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How to Deal With Dental Anxiety When Seeing Your Dentist and Endodontist

January 29, 2021
How to Deal With Dental Anxiety When Seeing Your Dentist and Endodontist

Do you break out in a cold sweat just thinking about a trip to the endodontist, or perhaps even the dentist? Does your heart start to race? You may have dental anxiety.

Dental anxiety is a real thing, and fear of dental work is relatively common. Some experts estimate that more than one-third of all people have some degree of dental anxiety. About 4.6 percent of women and 2.7 percent of men have an extreme fear of dentistry, a condition known as dentophobia.

Some people develop a fear of dentistry after a painful dental problem or otherwise bad experience in the past. Many learn to fear dental work from the media or from family members. Others simply dread having their teeth worked on or worry that the dental work will be uncomfortable.

For those who experience dental anxiety, the fear and stress of just sitting in the dentist chair is very real. In extreme cases, dental anxiety can keep people from getting the dental care they need, so they put up with the pain and misery of unresolved dental problems. The good news is that, because of advances in anesthesia and dental procedures, modern dentistry is now nearly painless. Still, some patients still struggle so they don’t go to their regular visits as often as they should. This can create a slew of dental issues in the future.

Fortunately, there are ways to keep yourself calm during your future visits, even if you have experienced dental anxiety in the past.

Resources to Deal With Dental Anxiety

Tell Your Dental Team About Your Fear and Anxiety

Because dental anxiety is so common, dental professionals are used to helping patients overcome their apprehensions. Mention your nervousness to the person making the appointment, and remind your dental team about your anxiety when you arrive at your appointment.

Share any bad experiences or concerns you may have. The dental team can help you come up with ways to cope with your anxiety. If you have experienced pain even with a local anesthetic in the past, for example, sedation may be recommended so that you are not awake during the procedure. The use of headphones may also be recommended if the sound of dental tools causes you stress.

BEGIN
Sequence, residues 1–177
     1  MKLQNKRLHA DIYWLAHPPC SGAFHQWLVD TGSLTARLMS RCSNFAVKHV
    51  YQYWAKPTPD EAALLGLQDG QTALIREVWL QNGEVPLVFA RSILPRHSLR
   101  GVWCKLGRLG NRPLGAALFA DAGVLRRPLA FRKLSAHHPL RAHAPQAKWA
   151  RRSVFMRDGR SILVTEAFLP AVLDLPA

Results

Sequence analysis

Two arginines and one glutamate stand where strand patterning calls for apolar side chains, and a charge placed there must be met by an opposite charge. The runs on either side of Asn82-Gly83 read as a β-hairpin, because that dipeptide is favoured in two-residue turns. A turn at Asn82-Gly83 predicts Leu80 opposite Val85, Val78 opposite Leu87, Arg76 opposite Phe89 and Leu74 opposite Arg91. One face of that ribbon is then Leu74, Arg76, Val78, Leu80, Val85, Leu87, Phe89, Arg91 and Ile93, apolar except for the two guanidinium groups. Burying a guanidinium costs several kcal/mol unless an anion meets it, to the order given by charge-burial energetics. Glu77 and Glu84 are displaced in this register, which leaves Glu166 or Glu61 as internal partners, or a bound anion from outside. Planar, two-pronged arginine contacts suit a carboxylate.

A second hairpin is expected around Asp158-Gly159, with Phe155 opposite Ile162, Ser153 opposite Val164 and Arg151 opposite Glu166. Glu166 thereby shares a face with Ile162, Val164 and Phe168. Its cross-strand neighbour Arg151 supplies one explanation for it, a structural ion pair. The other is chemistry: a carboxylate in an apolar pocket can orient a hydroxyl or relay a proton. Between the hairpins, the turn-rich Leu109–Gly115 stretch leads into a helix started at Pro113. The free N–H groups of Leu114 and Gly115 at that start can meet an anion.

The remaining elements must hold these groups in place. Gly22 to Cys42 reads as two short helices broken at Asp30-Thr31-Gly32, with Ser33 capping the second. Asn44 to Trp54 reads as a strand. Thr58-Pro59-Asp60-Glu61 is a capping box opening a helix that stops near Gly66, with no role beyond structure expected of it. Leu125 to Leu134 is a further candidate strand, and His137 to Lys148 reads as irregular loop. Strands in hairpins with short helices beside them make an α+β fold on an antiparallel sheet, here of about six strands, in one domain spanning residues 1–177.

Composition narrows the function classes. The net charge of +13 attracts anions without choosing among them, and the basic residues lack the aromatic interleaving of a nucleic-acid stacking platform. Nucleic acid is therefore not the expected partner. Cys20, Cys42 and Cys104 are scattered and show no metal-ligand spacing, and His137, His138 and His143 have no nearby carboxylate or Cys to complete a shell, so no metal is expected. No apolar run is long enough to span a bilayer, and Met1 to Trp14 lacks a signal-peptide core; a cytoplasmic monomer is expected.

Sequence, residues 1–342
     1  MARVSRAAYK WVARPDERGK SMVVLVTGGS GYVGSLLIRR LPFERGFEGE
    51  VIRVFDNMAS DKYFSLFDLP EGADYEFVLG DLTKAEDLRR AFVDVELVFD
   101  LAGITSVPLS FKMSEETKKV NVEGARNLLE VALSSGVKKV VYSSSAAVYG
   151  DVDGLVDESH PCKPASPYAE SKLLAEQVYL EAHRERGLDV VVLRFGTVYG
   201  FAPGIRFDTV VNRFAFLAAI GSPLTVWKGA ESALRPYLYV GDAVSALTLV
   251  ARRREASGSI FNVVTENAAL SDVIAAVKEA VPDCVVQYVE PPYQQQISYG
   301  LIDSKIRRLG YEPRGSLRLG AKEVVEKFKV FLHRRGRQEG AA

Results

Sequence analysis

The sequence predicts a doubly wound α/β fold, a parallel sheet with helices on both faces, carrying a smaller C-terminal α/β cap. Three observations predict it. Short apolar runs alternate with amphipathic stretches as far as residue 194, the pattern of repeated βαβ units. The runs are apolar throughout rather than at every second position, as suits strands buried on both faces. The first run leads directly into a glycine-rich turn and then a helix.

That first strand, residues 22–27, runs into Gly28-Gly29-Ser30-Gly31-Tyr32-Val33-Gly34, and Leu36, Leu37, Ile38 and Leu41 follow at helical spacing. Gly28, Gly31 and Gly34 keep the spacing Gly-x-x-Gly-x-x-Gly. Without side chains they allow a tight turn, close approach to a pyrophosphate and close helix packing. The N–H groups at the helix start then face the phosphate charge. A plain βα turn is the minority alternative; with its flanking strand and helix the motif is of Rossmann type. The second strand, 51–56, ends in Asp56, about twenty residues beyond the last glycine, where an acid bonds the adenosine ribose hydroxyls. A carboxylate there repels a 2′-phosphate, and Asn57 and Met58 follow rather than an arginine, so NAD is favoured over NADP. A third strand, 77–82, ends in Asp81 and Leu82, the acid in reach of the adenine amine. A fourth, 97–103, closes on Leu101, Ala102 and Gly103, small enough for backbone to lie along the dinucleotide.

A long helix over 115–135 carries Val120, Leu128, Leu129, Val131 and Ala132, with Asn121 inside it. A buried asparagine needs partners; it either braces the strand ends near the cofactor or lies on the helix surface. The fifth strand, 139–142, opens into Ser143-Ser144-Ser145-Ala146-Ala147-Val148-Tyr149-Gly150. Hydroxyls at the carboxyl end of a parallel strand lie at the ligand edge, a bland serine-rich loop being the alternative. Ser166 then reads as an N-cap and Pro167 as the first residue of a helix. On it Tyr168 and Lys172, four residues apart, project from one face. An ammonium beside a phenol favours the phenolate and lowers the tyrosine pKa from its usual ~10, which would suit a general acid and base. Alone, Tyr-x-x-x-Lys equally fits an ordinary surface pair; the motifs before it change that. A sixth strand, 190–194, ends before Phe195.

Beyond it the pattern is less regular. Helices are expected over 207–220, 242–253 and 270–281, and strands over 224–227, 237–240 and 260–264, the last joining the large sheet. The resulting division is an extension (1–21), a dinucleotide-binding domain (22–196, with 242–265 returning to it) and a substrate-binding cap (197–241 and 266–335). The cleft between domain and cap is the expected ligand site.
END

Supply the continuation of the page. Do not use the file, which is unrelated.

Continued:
Ask Questions About the Procedure

Not knowing what will happen can be scary. Find out what the procedure involves, whether you can expect pain, and what you can expect during recovery.

Start Slow

Exposure therapy is highly effective for easing dental anxiety because it allows you to grow comfortable in a dental setting slowly over time. You might enter the office without sitting in the chair during the first appointment, for example, and then sit in the chair for a partial exam at the next visit before working your way through x-rays, cleanings, and full appointments.

Consider Anti-anxiety Medication

Anti-anxiety medications will not cure your dental anxiety. However, they can help you stay calm as you engage in exposure therapy.

Schedule Your Appointments Strategically

Try to schedule your appointment during the practice’s quieter hours. Many clinics are busier in the afternoon than they are in the morning. The hustle and bustle of a busy practice can ramp up stress so ask the person scheduling appointments to recommend a day and time.

Ask a Trusted Friend or Family Member to Accompany You

Talking to a trusted companion can help reduce your stress. Be sure to bring someone who understands your concerns and helps you relax. Having a ride home also gives you an opportunity to choose sedation if available for your appointment.

Bring Noise-canceling Earphones or Earbuds

Wearing headphones or earbuds during dental work can help you avoid anxiety-provoking noises. Listening to your music can also help you stay calm. For best results, create a special playlist of your favorite songs and artists.

Agree on a Signal That You Need to Take a Break

Ask your dental expert to stop for a moment if you raise your hand, for example. You may continue with the procedure after a short rest, or you can come back another day when you feel ready to continue the treatment.

Find the Right Dental Professional

Search for a professional team like Advanced Endodontics that caters to patients with dental anxiety. We are a leading endodontic practice with extensive experience in providing care for patients who feel uneasy in the dentist chair. For more information on how to overcome dental anxiety or to schedule an appointment, contact Advanced Endodontics.

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